CHICAGO — Victory was almost a given heading into the final round of the first U.S. Senior Women's Open, so Laura Davies set her sights on something else she could take with her Sunday when she left Chicago GC: Momentum.
The 54-year-old Englishwoman finished off a decisive victory with a 5-under-par 68 that left her with a 16-under 276 total and a 10-stroke victory over runner-up Julie Inkster (73). England's Trish Johnson (73) finished at 4-under 288 and Danielle Ammaccapane (74) at 1-under 291, making them the only other golfers among the 55 who made the cut to finish in red numbers.
For Davies, the victory — her 66th in addition to her victories on the LPGA and Ladies European Tour — couldn't have come at a better time. She was set to board a plane for England where the LPGA Tour heads next for the Ladies Scottish Open in two weeks followed by the Women's Open Championship, which will be played at Royal Lytham & St. Anne's at the end of the month.
"I mean, winning is winning," said Davies, who is 66th on the LPGA Tour's CME Race to the Globe points standings. "It doesn't matter (which Tour). I think you see people like (Madison's) Steve Stricker and (2017 American Family Insurance Championship winner) Freddie Couples, when they play The Masters and the PGA Tour events, they go from the Seniors and winning regularly and their confidence transfers over. That's why I think they do quite well on the regular tour. You build up a bit of momentum and a golf course is a golf course. Sometimes, the field strength is a little bit different, but in your own mind, if you've done something like this, (shoot) 16-under for four rounds around a proper championship course, it can't do anything but fill you with confidence."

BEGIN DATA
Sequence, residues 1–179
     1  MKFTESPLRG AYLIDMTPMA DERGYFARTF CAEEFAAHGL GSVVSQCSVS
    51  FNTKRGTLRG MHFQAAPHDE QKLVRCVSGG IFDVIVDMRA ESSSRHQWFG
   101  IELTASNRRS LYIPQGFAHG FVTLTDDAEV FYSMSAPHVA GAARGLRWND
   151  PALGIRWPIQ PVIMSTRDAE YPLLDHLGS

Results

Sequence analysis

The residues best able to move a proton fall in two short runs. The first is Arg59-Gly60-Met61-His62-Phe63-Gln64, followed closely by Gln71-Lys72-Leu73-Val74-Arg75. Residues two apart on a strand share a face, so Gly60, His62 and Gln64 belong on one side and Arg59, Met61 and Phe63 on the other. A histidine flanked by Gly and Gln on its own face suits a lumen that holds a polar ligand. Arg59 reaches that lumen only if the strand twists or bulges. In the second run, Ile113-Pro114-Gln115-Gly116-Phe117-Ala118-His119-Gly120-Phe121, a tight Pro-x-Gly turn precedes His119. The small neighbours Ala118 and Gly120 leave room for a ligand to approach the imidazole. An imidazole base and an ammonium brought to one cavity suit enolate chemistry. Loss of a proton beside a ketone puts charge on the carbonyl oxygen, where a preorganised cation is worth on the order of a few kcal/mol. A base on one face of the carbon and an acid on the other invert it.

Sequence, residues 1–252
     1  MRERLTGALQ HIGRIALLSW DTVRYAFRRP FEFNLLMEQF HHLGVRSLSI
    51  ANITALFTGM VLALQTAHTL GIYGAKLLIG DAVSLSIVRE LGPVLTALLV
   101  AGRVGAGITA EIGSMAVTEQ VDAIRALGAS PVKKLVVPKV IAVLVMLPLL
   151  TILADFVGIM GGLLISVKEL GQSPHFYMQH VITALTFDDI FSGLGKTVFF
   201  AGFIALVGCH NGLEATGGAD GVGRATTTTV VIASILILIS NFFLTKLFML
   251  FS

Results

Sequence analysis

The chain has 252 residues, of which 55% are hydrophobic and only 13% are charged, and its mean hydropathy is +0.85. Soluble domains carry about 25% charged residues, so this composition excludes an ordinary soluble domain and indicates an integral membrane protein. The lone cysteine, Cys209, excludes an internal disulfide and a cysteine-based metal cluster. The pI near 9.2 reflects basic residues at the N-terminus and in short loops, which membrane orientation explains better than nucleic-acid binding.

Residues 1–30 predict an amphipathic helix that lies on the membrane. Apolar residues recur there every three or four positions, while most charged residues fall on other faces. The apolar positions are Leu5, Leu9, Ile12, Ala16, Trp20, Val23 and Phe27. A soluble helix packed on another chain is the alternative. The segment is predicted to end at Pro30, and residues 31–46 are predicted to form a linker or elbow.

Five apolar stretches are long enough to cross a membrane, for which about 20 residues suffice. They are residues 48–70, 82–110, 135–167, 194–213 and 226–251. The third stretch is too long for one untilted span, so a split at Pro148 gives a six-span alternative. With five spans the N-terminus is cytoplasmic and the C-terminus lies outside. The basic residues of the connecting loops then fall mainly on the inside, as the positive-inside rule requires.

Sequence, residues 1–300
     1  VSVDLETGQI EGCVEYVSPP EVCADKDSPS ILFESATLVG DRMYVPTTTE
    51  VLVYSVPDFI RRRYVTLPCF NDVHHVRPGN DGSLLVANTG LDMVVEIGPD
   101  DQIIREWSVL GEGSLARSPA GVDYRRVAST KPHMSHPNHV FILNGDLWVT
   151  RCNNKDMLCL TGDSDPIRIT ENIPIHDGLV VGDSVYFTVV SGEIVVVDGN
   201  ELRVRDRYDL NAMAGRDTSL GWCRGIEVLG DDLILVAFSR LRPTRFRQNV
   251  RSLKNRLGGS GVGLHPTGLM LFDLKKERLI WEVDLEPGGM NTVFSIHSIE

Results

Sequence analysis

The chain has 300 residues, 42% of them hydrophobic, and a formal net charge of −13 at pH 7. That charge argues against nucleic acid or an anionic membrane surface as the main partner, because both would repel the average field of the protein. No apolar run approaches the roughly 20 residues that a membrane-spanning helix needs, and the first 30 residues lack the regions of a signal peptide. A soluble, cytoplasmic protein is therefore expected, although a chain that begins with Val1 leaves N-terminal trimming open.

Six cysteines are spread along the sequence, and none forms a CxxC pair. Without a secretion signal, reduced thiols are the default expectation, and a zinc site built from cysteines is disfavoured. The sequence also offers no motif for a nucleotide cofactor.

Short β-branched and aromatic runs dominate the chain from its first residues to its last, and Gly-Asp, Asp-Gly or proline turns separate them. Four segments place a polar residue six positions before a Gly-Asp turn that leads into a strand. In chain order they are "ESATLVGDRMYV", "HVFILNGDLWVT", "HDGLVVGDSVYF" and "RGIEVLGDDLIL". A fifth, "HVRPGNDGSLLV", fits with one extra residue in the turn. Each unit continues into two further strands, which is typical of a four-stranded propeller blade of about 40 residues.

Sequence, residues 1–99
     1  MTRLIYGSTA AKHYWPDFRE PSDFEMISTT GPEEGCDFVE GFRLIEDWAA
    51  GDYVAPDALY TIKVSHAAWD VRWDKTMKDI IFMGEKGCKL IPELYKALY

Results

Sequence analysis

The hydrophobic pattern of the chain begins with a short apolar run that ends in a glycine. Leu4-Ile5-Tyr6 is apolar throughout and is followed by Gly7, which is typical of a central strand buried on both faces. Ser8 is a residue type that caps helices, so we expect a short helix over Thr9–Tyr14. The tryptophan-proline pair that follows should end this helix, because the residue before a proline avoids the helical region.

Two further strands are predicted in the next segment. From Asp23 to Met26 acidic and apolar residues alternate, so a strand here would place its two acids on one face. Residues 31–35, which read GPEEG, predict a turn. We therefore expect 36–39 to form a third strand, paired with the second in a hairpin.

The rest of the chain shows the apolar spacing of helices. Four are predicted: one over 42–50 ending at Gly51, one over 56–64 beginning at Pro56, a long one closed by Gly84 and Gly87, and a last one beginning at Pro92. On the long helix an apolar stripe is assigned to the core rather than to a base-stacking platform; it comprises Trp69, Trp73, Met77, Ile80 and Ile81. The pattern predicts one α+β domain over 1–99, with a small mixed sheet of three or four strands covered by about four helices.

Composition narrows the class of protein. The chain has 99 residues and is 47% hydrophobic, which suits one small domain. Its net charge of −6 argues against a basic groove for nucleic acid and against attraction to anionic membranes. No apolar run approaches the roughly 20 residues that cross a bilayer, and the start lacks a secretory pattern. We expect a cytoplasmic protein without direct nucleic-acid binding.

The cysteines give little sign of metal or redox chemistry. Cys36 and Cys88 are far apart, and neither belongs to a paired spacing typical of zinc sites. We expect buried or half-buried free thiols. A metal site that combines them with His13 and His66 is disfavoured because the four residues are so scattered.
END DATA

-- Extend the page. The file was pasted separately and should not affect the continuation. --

Wisconsin's two remaining qualifiers, of the six who started the week, both turned in top-50 finishes.
Sheboygan native Martha Nause closed with a 4-over 77 to finish tied for 37th at 18-over 310. Madison's Becky Iverson, the director of golf at the Bridges GC, closed with a 6-over 79 to finish tied for 44th at 22-over 314.
The history of her accomplishment was not lost on Davies afterward.
"I've been looking at the boards out there," Davies said, referring to lists of women's USGA champions. "You know, some of them are from 1890 and ... all those names years ago that won women's USGA events, they all had a first winner and, you look at them and one day people will look at this tournament when I'm long gone and they'll see my name up there (on the trophy). I'm hoping to come back for a couple more years and play, but this thing is going to be around a lot longer than the rest of us so it's nice to get in there early.
"The trouble is, the U.S. (Women's) Open, I won that (in 1987) in my second attempt and never won it again. So I hope this isn't going to repeat history."